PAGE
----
|Broadcast area||Chicago metropolitan area|
|Branding||97.1 The Drive|
|Slogan||Chicago's Classic Rock|
|Frequency||97.1 MHz (also on HD Radio)|
|Repeater(s)||See § WWDV Simulcast|
|First air date||1955 (as WNIB)|
Analog/HD1: Classic rock|
HD2: Classic rock ("Deep Tracks")
8,300 watts (analog)|
297 watts (digital)
|HAAT||363 meters (1,191 ft)|
|Callsign meaning||Derived from "DRiVe"|
|Former callsigns||WNIB (1955-March 15, 2001)|
|Sister stations||WTMX, WSHE-FM, WWDV|
WDRV (97.1 FM, "The Drive") is a commercial FM radio station licensed to serve Chicago, Illinois. The station is owned by Hubbard Radio and broadcasts a classic rock format. Its studios were originally located in the John Hancock Center. On May 11, 2018, WDRV moved into all new, state-of-the-art, digital studios in Chicago's Prudential Plaza. The WDRV broadcast tower is located atop the Aon Center at (41°53′6.1″N 87°37′17.7″W / 41.885028°N 87.621583°W). The station's programming is simulcast on sister station 96.9 WWDV in Zion, Illinois.
WDRV uses HD Radio and broadcasts a classic rock format branded as "Deep Tracks" on its HD2 subchannel.
The station signed on for the first time in 1955 as WNIB. Owned by Northern Illinois Broadcasting (NIB), the station broadcast a classical music format. The last day of classical programming on WNIB was February 11, 2001.
WNIB/WNIZ was sold in 2000 to Bonneville International. On February 12, 2001, Bonneville began to stunt with a "format of the day", which included sets from artists such as Madonna, Pink Floyd, Barbra Streisand and Garth Brooks. On March 15, 2001, the call sign was changed to WDRV, and the format officially changed to Classic Hits. The format has slowly evolved into a broad-based classic rock format, while former sister station WLUP-FM was sold to Emmis and changed to a mainstream rock format in 2005.
Bonneville announced the sale of WDRV and 16 other stations, to Hubbard Broadcasting on January 19, 2011. The sale was completed on April 29, 2011.
Online streaming of the "Deep Tracks" programming broadcast on WDRV's HD2 subchannel was discontinued in October 2013, due to its popularity. The high amount of traffic to the site made the stream too expensive to maintain, considering the cost of the service, royalty payments and lack of commercials to offset costs.
In 1983, Northern Illinois Broadcasting purchased WKZN 96.9 FM in Zion, Illinois, changing the call sign to WNIZ and airing a simulcast of WNIB programming for communities north of Chicago. On February 12, 2001, WNIZ programming became a simulcast of WDRV's sister station, WTMX, when WNIB changed call signs to WDRV. WNIZ's call sign was changed to WTNX at that time. This simulcast did very little for WTMX's ratings, and management decided to return the station's programming to a simulcast of 97.1, now WDRV. The change took effect on January 1, 2003, with a call sign change to WWDV.
WDRV is short-spaced to sister station WWDV (licensed to serve Zion, Illinois) as they operate on adjacent channels and the cities they are licensed to serve are only 40 miles apart. The minimum distance between two Class B FM radio stations operating on adjacent channels according to current FCC rules is 105 miles. Both stations use directional antennas to reduce their signals toward each other.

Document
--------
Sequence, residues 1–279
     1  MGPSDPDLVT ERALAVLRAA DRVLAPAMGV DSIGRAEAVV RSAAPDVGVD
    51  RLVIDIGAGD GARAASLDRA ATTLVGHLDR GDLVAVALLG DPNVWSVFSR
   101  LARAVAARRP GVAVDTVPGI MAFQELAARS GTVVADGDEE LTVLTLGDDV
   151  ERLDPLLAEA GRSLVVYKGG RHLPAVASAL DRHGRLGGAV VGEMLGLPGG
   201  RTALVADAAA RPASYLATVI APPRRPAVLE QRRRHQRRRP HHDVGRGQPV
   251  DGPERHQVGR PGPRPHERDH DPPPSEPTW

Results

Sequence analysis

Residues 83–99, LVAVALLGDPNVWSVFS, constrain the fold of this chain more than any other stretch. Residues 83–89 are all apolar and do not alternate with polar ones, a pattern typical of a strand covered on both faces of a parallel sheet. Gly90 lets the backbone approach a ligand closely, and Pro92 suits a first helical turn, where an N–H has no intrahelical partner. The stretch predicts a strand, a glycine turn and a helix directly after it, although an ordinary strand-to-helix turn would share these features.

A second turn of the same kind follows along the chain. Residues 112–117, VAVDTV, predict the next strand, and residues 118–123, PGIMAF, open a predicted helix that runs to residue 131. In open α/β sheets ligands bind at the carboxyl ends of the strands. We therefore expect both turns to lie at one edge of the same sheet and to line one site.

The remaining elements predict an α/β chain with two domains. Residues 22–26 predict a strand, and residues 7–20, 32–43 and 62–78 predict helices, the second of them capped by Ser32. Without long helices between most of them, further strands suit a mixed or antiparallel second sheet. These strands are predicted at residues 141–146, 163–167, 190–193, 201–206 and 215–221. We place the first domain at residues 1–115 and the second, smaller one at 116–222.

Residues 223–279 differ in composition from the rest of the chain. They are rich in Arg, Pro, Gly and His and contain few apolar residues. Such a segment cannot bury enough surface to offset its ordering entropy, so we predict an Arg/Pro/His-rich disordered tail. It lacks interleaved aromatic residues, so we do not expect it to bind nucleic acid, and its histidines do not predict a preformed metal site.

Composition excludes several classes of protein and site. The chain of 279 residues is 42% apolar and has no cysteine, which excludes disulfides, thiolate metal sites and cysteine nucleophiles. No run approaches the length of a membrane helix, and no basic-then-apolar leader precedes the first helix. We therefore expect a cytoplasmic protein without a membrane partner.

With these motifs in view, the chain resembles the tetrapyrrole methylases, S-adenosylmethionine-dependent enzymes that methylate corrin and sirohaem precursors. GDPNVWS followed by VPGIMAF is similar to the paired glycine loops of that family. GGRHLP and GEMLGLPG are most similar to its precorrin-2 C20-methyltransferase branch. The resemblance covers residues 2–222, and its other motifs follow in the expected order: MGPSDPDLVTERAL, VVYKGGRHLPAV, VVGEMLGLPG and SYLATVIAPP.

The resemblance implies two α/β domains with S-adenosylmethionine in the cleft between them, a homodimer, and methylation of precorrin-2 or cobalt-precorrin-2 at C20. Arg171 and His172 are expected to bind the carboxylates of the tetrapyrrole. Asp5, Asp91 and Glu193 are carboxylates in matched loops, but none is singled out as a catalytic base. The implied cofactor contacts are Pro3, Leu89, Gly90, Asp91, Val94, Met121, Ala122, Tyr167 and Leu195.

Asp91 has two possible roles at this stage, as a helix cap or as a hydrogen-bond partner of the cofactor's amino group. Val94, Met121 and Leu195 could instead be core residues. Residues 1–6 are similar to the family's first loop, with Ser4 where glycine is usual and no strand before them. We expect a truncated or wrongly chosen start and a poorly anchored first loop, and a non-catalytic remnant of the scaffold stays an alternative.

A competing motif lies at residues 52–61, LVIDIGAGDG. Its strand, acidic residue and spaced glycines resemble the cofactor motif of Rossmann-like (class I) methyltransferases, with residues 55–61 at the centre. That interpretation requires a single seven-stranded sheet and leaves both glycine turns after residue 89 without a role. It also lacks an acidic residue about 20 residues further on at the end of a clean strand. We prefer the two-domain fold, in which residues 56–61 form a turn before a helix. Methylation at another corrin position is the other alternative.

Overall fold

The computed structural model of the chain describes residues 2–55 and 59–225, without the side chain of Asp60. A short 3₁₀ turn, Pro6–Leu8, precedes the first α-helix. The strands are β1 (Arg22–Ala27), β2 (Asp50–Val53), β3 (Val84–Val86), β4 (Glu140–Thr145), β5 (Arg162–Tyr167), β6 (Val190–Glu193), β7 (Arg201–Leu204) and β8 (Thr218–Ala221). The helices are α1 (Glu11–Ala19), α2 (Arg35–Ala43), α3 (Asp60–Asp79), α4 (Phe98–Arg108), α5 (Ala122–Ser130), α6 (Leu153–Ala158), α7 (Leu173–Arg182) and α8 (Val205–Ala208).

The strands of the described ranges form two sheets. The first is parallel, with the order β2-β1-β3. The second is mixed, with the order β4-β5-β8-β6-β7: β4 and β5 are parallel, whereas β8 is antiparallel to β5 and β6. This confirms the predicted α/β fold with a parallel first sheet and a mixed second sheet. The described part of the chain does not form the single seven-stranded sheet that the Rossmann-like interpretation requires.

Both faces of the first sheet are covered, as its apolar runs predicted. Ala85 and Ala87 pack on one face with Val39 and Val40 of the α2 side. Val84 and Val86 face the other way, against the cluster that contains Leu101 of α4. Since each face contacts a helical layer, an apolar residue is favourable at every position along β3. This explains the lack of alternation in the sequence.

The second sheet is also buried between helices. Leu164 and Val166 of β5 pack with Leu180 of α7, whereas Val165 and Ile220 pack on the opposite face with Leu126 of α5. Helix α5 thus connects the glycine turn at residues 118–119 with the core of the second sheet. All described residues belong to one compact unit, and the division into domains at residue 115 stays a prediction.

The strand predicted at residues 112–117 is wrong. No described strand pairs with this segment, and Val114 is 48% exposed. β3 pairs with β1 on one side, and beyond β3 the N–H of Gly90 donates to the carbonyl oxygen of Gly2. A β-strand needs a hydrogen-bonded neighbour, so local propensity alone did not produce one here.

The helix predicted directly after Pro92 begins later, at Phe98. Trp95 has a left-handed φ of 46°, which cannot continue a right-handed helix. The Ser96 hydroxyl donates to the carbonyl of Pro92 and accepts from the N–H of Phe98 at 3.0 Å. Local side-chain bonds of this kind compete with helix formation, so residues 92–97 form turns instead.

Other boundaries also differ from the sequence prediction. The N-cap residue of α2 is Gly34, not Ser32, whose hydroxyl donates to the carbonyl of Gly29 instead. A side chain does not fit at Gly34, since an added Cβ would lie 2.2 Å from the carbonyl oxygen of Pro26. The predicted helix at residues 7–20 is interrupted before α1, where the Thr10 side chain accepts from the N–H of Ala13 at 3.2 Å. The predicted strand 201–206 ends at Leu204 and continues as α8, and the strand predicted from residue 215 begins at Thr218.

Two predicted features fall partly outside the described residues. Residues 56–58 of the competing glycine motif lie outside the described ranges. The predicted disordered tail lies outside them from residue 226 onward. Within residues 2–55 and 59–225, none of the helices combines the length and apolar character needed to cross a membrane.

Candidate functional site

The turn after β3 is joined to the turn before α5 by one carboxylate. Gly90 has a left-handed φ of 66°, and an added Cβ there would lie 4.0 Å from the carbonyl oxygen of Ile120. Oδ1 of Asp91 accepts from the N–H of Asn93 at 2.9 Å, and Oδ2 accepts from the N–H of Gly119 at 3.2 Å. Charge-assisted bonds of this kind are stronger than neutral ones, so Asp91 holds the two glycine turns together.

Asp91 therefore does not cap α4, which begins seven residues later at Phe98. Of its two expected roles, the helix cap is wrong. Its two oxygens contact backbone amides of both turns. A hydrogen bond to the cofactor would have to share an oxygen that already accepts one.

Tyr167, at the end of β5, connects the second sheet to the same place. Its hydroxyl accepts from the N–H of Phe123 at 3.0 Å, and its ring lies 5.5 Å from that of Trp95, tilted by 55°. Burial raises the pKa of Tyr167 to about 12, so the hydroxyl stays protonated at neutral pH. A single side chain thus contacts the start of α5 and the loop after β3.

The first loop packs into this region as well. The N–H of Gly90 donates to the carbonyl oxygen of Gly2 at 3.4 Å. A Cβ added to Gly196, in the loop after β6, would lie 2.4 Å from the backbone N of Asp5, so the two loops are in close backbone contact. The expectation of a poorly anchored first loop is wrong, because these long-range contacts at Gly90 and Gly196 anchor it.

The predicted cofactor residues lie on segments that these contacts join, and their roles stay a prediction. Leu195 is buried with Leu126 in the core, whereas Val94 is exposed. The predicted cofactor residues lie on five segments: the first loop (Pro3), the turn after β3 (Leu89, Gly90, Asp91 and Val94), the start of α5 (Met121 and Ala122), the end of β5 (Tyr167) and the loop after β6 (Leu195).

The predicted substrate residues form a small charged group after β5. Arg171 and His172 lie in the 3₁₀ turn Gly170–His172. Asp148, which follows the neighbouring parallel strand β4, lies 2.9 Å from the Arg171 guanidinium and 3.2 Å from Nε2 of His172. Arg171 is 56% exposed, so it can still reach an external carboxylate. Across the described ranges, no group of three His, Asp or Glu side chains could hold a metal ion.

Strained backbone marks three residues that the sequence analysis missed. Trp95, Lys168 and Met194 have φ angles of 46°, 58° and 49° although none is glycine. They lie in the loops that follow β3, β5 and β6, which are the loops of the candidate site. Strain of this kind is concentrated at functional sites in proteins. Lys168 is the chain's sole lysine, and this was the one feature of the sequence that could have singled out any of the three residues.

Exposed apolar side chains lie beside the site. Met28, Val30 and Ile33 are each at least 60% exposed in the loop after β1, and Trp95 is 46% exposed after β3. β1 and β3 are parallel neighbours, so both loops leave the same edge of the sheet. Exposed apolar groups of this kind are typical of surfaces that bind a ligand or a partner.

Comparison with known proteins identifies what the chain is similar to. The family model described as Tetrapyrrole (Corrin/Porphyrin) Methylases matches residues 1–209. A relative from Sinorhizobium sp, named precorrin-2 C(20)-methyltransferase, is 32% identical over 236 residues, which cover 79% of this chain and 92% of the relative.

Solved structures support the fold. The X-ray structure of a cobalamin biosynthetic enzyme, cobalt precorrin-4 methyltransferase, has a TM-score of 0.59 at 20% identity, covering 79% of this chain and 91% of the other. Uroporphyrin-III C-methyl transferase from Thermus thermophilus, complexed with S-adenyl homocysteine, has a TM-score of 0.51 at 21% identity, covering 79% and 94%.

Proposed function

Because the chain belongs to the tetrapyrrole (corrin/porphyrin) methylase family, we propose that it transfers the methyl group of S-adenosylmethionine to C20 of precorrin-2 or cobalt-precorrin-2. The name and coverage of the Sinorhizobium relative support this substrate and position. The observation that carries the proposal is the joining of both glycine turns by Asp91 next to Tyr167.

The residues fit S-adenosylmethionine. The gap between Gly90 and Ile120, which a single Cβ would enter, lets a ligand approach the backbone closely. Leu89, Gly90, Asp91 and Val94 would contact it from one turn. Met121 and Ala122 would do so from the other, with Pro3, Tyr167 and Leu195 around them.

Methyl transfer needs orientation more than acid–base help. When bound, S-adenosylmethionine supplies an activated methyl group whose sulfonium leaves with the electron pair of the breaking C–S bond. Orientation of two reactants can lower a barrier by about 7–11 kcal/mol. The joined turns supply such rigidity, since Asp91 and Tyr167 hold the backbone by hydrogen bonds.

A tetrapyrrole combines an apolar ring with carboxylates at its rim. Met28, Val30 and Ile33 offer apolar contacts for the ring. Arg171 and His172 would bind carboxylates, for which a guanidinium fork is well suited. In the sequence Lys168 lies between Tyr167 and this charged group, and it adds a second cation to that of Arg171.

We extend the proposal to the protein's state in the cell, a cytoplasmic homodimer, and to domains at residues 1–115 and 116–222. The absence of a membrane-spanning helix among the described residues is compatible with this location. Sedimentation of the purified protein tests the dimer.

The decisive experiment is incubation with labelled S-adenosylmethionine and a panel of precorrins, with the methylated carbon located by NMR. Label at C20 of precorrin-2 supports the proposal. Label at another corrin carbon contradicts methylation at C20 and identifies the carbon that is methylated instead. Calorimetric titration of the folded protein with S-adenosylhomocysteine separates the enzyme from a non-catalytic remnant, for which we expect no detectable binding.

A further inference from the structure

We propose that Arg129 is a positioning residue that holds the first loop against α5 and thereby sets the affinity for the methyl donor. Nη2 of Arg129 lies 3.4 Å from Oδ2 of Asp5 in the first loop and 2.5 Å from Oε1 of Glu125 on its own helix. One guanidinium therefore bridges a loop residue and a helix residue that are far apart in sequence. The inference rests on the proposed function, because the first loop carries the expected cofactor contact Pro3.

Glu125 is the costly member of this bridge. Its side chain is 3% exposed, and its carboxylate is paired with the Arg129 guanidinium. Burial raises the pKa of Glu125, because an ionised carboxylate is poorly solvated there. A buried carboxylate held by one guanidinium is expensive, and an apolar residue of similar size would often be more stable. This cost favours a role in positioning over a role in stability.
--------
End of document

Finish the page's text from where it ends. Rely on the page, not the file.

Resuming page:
- "FCC 335-FM Digital Notification [WDRV]". fcc.gov. Federal Communications Commission. October 21, 2015. Retrieved 2017-07-08.
- "Call Sign History (WDRV)". fcc.gov. Federal Communications Commission. Retrieved 2017-07-09.
- "Longtime Chicago Radio Engineer Keith Warner Passes Away". Chicagoland Radio and Media. May 25, 2016. Retrieved 2017-07-09.
- "FM Query Results for WDRV". fcc.gov. Federal Communications Commission. Retrieved 2017-07-08.
- "WDRV-FM's 'Decade Tracks' Stream Gets Deep Sixed". Chicagoland Radio and Media. October 16, 2013. Retrieved 2017-07-09.
- <iframe name="HDRadioStations-chicago_illinois" scrolling="no" src="https://hdradio.com/station_guides/widget.php?latitude=41.8839927&longitude=-87.6197056
- "WBP Archived News - Feb/Mar/Apr 2001". March 17, 2001. Retrieved 2017-11-11.
- Kening, Dan (March 15, 2001). "Former Wnib Debuts Rock And Pop Oldies Format As 'The Drive'". Chicago Tribune. Retrieved 2017-07-09.
- "Emmis Begins Time Brokerage Agreement with Bonneville's WLUP". RadioWorld. December 1, 2004. Retrieved 2017-07-09.
- "$505M sale: Bonneville sells Chicago, D.C., St. Louis and Cincinnati to Hubbard". Radio-Info.com. January 19, 2011. Archived from the original on January 21, 2011. Retrieved January 19, 2011.
- "Hubbard deal to purchase Bonneville stations closes". Radio Ink. May 2, 2011. Archived from the original on March 12, 2012. Retrieved May 2, 2011.
- "The Drive Hosts Free 10th Anniversary Concert". Chicagoland Radio and Media. May 12, 2011. Retrieved 2017-07-09.
- Argyrakis, Andy (May 20, 2016). "Legends Boston and Jefferson Starship, local favs Backdated rock The Drive's milestone bash". Chicago Concert Reviews. Retrieved 2017-07-09.
- "Robservations: Wait till Sherman & Tingle meet Eric & Kathy". robertfeder.com. October 6, 2016. Retrieved 2017-11-11.
- "Call Sign History (WWDV)". fcc.gov. Federal Communications Commission. Retrieved 2017-07-09.
- "How Far is it Between Zion, IL, United States and Chicago, IL, United States". Free Map Tools. Retrieved 2017-07-08.
- "Minimum distance separation between stations. 47 CFR 73.207 (1)" (PDF). Retrieved 2017-07-08.
- "FM Query Results for WWDV". fcc.gov. Federal Communications Commission. Retrieved 2017-07-08.